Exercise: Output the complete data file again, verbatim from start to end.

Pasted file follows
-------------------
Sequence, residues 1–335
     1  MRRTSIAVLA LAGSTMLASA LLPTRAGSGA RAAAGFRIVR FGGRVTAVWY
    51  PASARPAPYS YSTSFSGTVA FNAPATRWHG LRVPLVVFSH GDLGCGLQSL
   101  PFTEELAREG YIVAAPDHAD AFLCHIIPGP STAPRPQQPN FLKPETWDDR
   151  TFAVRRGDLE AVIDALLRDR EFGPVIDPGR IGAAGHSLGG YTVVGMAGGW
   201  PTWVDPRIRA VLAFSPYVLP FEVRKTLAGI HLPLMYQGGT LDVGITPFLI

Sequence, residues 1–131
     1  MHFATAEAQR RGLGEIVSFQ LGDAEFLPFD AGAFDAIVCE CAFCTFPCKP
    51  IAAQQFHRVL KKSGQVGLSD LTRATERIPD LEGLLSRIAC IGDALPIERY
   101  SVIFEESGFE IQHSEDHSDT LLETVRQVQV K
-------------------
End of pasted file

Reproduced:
Sequence, residues 1–335
     1  MRRTSIAVLA LAGSTMLASA LLPTRAGSGA RAAAGFRIVR FGGRVTAVWY
    51  PASARPAPYS YSTSFSGTVA FNAPATRWHG LRVPLVVFSH GDLGCGLQSL
   101  PFTEELAREG YIVAAPDHAD AFLCHIIPGP STAPRPQQPN FLKPETWDDR
   151  TFAVRRGDLE AVIDALLRDR EFGPVIDPGR IGAAGHSLGG YTVVGMAGGW
   201  PTWVDPRIRA VLAFSPYVLP FEVRKTLAGI HLPLMYQGGT LDVGITPFLI

Sequence, residues 1–131
     1  MHFATAEAQR RGLGEIVSFQ LGDAEFLPFD AGAFDAIVCE CAFCTFPCKP
    51  IAAQQFHRVL KKSGQVGLSD LTRATERIPD LEGLLSRIAC IGDALPIERY
   101  SVIFEESGFE IQHSEDHSDT LLETVRQVQV K